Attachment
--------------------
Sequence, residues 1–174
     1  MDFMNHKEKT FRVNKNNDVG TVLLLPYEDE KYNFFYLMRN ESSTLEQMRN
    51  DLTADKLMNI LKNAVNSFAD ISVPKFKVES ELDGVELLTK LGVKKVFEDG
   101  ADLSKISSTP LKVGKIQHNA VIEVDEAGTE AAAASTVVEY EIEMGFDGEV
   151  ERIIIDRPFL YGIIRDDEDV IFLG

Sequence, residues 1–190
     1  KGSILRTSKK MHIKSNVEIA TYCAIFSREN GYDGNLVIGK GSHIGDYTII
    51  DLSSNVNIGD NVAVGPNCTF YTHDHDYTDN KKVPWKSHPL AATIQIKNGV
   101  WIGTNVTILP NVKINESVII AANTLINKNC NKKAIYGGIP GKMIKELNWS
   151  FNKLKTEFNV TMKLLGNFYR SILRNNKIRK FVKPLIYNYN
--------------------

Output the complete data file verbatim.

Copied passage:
Sequence, residues 1–174
     1  MDFMNHKEKT FRVNKNNDVG TVLLLPYEDE KYNFFYLMRN ESSTLEQMRN
    51  DLTADKLMNI LKNAVNSFAD ISVPKFKVES ELDGVELLTK LGVKKVFEDG
   101  ADLSKISSTP LKVGKIQHNA VIEVDEAGTE AAAASTVVEY EIEMGFDGEV
   151  ERIIIDRPFL YGIIRDDEDV IFLG

Sequence, residues 1–190
     1  KGSILRTSKK MHIKSNVEIA TYCAIFSREN GYDGNLVIGK GSHIGDYTII
    51  DLSSNVNIGD NVAVGPNCTF YTHDHDYTDN KKVPWKSHPL AATIQIKNGV
   101  WIGTNVTILP NVKINESVII AANTLINKNC NKKAIYGGIP GKMIKELNWS
   151  FNKLKTEFNV TMKLLGNFYR SILRNNKIRK FVKPLIYNYN